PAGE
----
a story lives forever
Sign in
Form submission failed!

Stay signed in

Recover your password?
Form submission failed!

Web of Stories Ltd would like to keep you informed about our products and services.

Please tick here if you would like us to keep you informed about our products and services.

I have read and accepted the Terms & Conditions.

Please note: Your email and any private information provided at registration will not be passed on to other individuals or organisations without your specific approval.

Video URL

You must be registered to use this feature. Sign in or register.


Valuable lessons learned in the army


Dealing with life in the army
Brian Sewell Writer
Comments (0) Please sign in or register to add comments

I managed to develop, not a thick skin at all, but a kind of… well, something very useful, and I don’t really know how to describe it, but it’s like distancing yourself from something that is really deeply unpleasant, but going through it. This is an experience which I cannot avoid. I cannot walk away from it. Whatever happens, I have to go through it, so I will make it as easy for myself as I can. In other words, when this man is shouting at me and his face is purple and I’m getting his spittle all over my face, and he’s calling me a poofter and a God-knows-what, I’m fine. This isn’t really happening, this isn’t really important. It really isn’t important.

And the same thing happened with bayonet practice, because there you… and 50 yards away, you have a sack of straw hanging from a gallows, and you have your bayonet mounted on your rifle, and at a given moment your training officer, your lance corporal or corporal, whatever he may be, tells you, 'Go', and you go, and you’re supposed to go screaming, you know, screaming with a noise which is supposed to frighten the enemy. Your're not screaming with your own fright. And then you have to dig the bayonet into the thing, and then you have to pull it out again. And if you do it in the wrong place, because you think, you know, fool that you are, that you’re going for the ribcage, for the heart, but then it is demonstrated that by the time you’ve stuck your bayonet through the ribcage, you’re going to find it bloody difficult to get out again. Meanwhile, some Russian or German or Chinese or God-knows-what is going to shoot you. So you must stick it into the soft parts, because it comes out as quickly as it goes in. And we have to absorb all this and go along with it, and my rather active Christian background is saying, 'No, no, you can’t ever…' and my common sense is saying, 'You’re not really doing it. The time to have this argument with yourself is when you are actually doing it, not now'.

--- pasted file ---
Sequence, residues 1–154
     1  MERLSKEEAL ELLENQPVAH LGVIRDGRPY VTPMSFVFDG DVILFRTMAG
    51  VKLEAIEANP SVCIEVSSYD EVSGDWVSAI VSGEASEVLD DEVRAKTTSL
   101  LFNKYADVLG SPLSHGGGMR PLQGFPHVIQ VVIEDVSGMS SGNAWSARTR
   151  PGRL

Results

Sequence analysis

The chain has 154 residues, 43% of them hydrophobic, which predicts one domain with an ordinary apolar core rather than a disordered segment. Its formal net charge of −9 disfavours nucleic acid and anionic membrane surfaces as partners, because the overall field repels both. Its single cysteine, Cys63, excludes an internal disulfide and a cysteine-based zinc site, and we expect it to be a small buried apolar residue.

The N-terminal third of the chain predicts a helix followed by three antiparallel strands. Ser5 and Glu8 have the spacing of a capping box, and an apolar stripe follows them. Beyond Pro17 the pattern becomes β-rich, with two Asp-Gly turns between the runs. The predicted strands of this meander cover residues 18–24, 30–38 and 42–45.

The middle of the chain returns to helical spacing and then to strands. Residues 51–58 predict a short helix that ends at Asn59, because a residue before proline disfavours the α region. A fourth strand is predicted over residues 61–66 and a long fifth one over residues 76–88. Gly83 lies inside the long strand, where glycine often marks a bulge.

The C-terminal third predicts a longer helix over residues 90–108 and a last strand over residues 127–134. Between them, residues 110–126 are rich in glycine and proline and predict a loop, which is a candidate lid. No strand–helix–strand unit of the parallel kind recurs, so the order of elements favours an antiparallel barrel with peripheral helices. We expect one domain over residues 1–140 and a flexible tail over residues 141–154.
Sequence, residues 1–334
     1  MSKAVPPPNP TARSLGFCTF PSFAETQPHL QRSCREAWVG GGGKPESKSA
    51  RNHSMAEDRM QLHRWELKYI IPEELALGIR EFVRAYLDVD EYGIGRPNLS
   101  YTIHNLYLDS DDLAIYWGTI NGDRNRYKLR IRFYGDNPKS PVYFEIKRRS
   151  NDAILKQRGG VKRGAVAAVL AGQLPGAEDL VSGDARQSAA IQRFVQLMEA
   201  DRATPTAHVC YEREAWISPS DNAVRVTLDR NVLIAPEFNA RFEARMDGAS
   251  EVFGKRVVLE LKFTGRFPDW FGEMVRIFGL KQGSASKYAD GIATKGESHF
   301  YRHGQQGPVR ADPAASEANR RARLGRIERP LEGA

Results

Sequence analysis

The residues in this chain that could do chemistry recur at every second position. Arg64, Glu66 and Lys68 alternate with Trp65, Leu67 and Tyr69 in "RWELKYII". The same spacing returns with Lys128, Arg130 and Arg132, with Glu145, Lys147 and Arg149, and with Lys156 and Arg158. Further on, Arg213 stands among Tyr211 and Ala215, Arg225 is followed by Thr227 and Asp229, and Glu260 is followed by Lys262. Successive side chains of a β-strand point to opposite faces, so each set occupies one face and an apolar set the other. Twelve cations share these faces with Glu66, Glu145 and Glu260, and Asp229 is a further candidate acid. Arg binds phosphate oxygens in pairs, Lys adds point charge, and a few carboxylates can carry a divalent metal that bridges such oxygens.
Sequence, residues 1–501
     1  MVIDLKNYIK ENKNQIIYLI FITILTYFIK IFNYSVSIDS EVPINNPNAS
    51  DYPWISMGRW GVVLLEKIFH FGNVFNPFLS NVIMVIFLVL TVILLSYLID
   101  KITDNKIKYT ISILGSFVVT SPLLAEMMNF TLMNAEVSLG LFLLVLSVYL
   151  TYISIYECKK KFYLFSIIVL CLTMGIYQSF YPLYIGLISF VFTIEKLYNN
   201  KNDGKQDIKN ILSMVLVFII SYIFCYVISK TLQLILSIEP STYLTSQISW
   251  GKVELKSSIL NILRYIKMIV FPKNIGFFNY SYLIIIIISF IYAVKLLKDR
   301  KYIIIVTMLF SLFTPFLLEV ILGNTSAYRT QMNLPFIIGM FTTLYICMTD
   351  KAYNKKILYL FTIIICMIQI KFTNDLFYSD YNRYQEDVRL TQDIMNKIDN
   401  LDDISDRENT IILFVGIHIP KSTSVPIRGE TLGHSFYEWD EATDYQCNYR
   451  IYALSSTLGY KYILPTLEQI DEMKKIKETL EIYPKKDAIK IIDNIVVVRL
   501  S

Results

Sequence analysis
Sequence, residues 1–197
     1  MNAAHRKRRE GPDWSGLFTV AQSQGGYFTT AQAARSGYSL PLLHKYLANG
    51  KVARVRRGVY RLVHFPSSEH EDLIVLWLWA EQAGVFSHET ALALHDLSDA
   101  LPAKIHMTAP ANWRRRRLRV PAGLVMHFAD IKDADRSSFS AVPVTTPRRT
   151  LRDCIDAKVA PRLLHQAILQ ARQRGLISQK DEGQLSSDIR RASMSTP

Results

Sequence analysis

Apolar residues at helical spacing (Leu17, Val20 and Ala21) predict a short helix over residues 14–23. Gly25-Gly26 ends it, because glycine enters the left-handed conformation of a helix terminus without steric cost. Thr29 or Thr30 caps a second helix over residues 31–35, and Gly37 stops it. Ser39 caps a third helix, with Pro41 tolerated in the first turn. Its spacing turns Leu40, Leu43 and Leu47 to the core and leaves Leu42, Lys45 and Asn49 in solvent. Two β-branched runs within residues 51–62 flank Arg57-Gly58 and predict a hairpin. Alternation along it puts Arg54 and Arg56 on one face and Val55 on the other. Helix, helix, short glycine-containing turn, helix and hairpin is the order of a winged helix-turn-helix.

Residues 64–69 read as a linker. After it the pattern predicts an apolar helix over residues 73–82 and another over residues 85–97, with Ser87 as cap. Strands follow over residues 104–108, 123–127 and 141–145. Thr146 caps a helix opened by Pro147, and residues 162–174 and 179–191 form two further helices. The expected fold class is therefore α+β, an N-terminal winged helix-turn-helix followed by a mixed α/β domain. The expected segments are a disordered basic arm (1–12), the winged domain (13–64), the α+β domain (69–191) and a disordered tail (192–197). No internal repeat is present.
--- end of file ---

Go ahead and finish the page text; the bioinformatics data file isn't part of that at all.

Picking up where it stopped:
And that, I think, was my saving device for getting through whatever the army made me do: it isn’t really happening. It’s happening, I know. Here am I, on my knees, scraping the crystalline deposits of the urine of a hundred young men from this urinal with half a razor blade and bare hands. I am scraping. Of course I’m really doing it, and I’m going to do it really rather well, so that I don’t have to do it again. But it’s not important. It’s unpleasant, but it is not important. It doesn’t change my soul. It has nothing to do with me. So it’s not important, don’t worry about it. That, I think, is what got me through.

Born in England, Brian Sewell (1931-2015) was considered to be one of Britain’s most prominent and outspoken art critics. He was educated at the Courtauld Institute of Art and subsequently became an art critic for the London Evening Standard; he received numerous awards for his work in journalism. Sewell also presented several television documentaries, including an arts travelogue called The Naked Pilgrim in 2003. He talked candidly about the prejudice he endured because of his sexuality.

Listeners: Christopher Sykes

Christopher Sykes is an independent documentary producer who has made a number of films about science and scientists for BBC TV, Channel Four, and PBS.

Tags: National Service

Duration: 4 minutes, 1 second

Date story recorded: April 2013

Date story went live: 04 July 2013